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How To Fill The Gap For Sliding Barn Doors
"Did you know that Barn doors leave a gap between the door itself and the floor? You can fill the gap by adding weatherstrips, installing a door sweep, or installing a larger door than your baseboard, which creates privacy for the space. Should you mind the gap? I think so."
Many people install barn doors in their houses to save space. No matter the door’s width, these flush against the wall taking up zero space in a room. You can install them anywhere in the house without worrying about opening and closing them. However, barn doors do have a problem. They usually end up with gaps between the door and the baseboard, as these doors need to slide over the board.
If you want to add privacy in your bathroom, you’ll have to fill the gap in your sliding barn doors in one of the following ways; adding weatherstrips, installing a door sweep, or installing a door that’s larger than your baseboard. Alternatively, you can use a soundproofing foam block or add a wooden strip (also known as a door seal).
Sometimes, the gap is problematic for individuals who want privacy or a quiet environment in the room or space on the other side of the barn door. Naturally, they need the presence of the gap for efficient sliding of the door. In this post, we will teach you some practical ways to fill the gap between the barn doors and the baseboard.
Table of Contents
- Ways To Close The Gap In Sliding Barn Doors The Right Way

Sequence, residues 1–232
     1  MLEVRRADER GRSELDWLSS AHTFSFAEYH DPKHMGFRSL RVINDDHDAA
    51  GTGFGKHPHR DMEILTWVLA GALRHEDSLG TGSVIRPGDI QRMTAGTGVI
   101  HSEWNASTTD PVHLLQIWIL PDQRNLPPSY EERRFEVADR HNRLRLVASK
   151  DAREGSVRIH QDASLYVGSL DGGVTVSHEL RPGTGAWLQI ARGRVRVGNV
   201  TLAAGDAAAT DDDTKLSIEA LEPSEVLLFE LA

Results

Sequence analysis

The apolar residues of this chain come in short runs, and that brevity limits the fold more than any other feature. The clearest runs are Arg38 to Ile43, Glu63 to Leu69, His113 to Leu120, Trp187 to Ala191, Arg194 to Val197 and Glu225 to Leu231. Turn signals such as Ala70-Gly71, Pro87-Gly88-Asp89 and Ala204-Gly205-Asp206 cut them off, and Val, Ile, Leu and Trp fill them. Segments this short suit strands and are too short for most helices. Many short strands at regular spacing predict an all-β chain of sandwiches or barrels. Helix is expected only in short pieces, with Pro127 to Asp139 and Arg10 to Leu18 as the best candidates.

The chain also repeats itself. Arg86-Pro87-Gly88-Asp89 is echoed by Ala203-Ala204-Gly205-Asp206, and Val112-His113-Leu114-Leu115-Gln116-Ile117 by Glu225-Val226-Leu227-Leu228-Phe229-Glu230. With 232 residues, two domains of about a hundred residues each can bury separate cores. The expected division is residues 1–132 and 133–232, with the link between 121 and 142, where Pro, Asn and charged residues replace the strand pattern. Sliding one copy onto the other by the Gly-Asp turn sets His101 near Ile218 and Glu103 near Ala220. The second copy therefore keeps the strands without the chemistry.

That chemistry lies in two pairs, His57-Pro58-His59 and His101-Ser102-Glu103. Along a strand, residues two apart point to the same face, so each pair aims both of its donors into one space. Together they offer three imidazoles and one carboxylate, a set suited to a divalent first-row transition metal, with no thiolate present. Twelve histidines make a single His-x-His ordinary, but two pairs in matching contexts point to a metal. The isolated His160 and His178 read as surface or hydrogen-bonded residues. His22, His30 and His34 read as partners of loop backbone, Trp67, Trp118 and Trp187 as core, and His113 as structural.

- When To Call A Professional
- Pest Proofing Your Sliding Barn Doors Is Just As Important
- Related Questions
- In Summary
Ways To Close The Gap In Sliding Barn Doors The Right Way
Add Weather Strips
Weather stripping is an efficient way to reduce sound in a room and limit the presence of other elements. This strip bridges the gap between the baseboard and the sliding door by filling up the shortfall. Therefore, it will help to keep out:
- Cold air
- Insects and arachnids
- Attach a self-adhesive weather strip over the side trims. Make sure to use weather strips of the right thickness to minimize the gap as much as possible. You can use a nail gun to fix the piece over the rim more efficiently for higher durability.
- Apply a strip to the bottom. Attach a strip at the bottom of the door as well if there is a significant gap there. It’s a good idea to use a weather strip that glides smoothly on the floor and closes the opening properly.
Use L-Shaped Side Rims
The benefit of an L-shaped side rim is that it covers the gap with the open end. As the door slides to close, touch the inner corner of this side rim, which completely covers the gap.
- Measure the barn door. Make sure to choose the correct dimensions for the side rim to cover the corner of the barn door completely.
- Add a strip to the inner corner. To make it more efficient, add a foam strip in the rim’s inner corner to bridge the gap between the door and rim, thus adding more soundproofing.
Install A Door Sweep
Like weather strips, door sweeps can block the gap by covering the exposed area between the door and the baseboard. One significant benefit they have over weather strips is that door sweeps do not scrape the floor when the door moves back and forth. You can install these affordable strips over the side rims and the barn door base to close the space.
Install A Big-Sized Barn Door
If you have not begun your barn door project yet, you can choose a more giant door than your baseboard. That way, you can cover the gap to obstruct light and sound to some extent.
Important: Note that a bigger door will increase your budget, so prepare for the additional expenses if you choose this method.
Use Quality Hardware
Do not just invest in a good-quality barn door, but also in the hardware to help it slide and close efficiently. High-quality rails will keep the sliding motion of the door smooth and firm, thus limiting the rattling and other unwanted sounds. Additionally, an excellent rail system covers the crack present between the rail and the top of the door, which is often missed.
Use A Soundproofing Foam Block